2. Across the entire time period (1954-2012), the 10-year treasury bond rate averaged 6.11% and the fundamental interest rate average 6.83%, but breaking down into sub-periods suggest that there has been a shift in the relationship over time. In the 1954-1980 time period, T.Bond rates were 2.20% lower, on average, than the fundamental interest rates but in the 1981-2012 time period, the average treasury bond rate has been 0.52% higher than fundamental interest rates.

In January 2013, the treasury bond rate at 1.72% was about half the fundamental growth rate of 3.43% (Inflation in 2013 of 1.76% + Real GDP growth of 1.67% = 3.43%). Not only is the gap of 1.71% high by historical standards, but the ratio of the T.Bond rate to the Fundamental interest rate was close to historic lows (the lowest was 2011, when the T.Bond rate was 40% of the fundamental interest rate). If you are interested, you can download the raw data on interest rates, inflation and real GDP growth and come to your own conclusions.

The Fed Effect

Does the Fed matter? Looking at the data on interest rates and fundamentals over time, the answer is undoubtedly yes. Over the last three decades, you can see the imprint left by consecutive Fed Chairs from Paul Volcker to Alan Greenspan to Ben Bernanke on inflation, real growth and T.Bond rates. To examine the relationship between Fed policy and T.Bond rate/fundamental interest rate difference, I focused on the one number that the Fed truly controls, the Fed Funds rate, as an indicator of whether the Fed is adopting a looser or tighter monetary policy, and look at the relationship between the Fed funds rate and the gap between the T.Bond rate and the fundamental interest rate:
Looking at the graph, it seems clear that increases (decreases) in the Fed funds rate have caused the gap between treasury bond rates and fundamental interest rates to move in the same direction. In fact, running a regression of the change in the Fed funds rate each year against the change in the gap (T.Bond rate - Fundamental interest rate) in the next year yields the following:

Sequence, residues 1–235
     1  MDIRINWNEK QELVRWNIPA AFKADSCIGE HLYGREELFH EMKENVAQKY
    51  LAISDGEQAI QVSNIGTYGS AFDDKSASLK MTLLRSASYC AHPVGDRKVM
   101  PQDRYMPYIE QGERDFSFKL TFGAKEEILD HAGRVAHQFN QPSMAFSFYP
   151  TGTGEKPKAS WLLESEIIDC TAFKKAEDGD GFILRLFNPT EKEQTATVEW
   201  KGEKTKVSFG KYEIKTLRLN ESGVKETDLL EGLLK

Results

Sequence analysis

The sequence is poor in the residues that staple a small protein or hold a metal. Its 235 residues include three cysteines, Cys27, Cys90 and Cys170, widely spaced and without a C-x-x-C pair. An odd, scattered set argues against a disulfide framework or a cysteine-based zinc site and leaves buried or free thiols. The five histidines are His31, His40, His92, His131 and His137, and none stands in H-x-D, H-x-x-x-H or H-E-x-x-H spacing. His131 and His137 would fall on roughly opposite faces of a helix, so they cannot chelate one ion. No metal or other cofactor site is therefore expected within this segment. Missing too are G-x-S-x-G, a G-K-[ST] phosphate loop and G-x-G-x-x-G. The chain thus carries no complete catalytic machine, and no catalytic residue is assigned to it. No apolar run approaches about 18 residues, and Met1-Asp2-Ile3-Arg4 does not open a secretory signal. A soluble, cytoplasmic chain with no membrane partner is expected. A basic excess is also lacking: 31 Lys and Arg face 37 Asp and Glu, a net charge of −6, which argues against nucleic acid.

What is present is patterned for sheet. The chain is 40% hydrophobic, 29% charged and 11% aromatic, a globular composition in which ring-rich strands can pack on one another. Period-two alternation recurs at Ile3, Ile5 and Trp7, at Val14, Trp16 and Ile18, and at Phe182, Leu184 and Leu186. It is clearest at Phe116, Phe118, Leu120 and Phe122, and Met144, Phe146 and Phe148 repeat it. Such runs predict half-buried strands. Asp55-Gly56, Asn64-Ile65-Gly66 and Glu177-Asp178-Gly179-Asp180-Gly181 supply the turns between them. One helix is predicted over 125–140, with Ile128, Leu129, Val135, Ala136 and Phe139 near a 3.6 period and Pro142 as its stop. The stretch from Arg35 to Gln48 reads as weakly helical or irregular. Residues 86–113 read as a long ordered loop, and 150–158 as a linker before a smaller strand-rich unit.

Change in the gap in year t = - 0.0001% + 0.5333 (Change in the Fed Funds rate in year t -1)
                                                 (0.03)         (3.25)            
R squared = 14.33%

Put in more intuitive terms, based on the historical data, a cut in the Fed funds rate of 1% decreases the gap between the T.Bond rate and the fundamental growth rate by 0.53%. There are two sobering notes worth emphasizing. The first is that the Fed funds rate currently is close to zero and that effectively implies that its use as tool to make T.Bond rates decrease relative to fundamental growth rates is limited.  (I know that the Fed has been much active with the other tool in its war chest, bond buying, but that tool too has its limits). The second is that the Fed is not as powerful at setting interest rates as most investors think. Only 14.33% of the variation in the gap can be explained by the Fed funds rate and changes in real growth & inflation have far bigger impacts. 
So can the Fed really “control” interest rates and keep
long term rates from rising? I may not have much company on this one, but I
think that the Fed's power comes primarily from the perception that
it has power and not from its direct control over the interest rate mechanism. This
may seem like heresy in a market that views the Fed both as the arbiter of
interest rates and the protector of the bull market, but if long term interest
rates start rising, I don’t think that the Fed can do much to stop them. In fact, as I watch investors look to Ben Bernanke to save them, here is the scene that plays out in my mind, from the Wizard of Oz. For those of you who may still be unfamiliar with the classic, here is a quick recap. A tornado plucks Dorothy from her home in Kansas and dumps her in Oz (and right on top of the Wicked Witch of the East). When Dorothy seeks help to get home, she is advised to seek out the powerful Wizard of Oz, and on her way to meet him, she gathers together a motley crew of needy characters (the Scarecrow, who needs a brain, the Tinman, who desires a heart and the Cowardly Lion, who is searching for courage). When they get to the Wizard's lair, here is what they find:

Is that Ben Bernanke I see behind the curtain and is that contraption the Fed's vaunted interest rate setting machine?

If the T.Bond rate does rise next year towards the fundamental interest rate, it will ironically make investors attribute even more power to the Fed, since it will coincide with the winding down of the bond buyback by the Fed. The Fed, we will be told, allowed long term interest rates to rise by using it extensive powers. Here is what I believe. Thus, if the economy improves, interest rates will rise, with or without the Fed buying bonds and if the economy falters, interest rates will stay low, with our without the Fed buying bonds.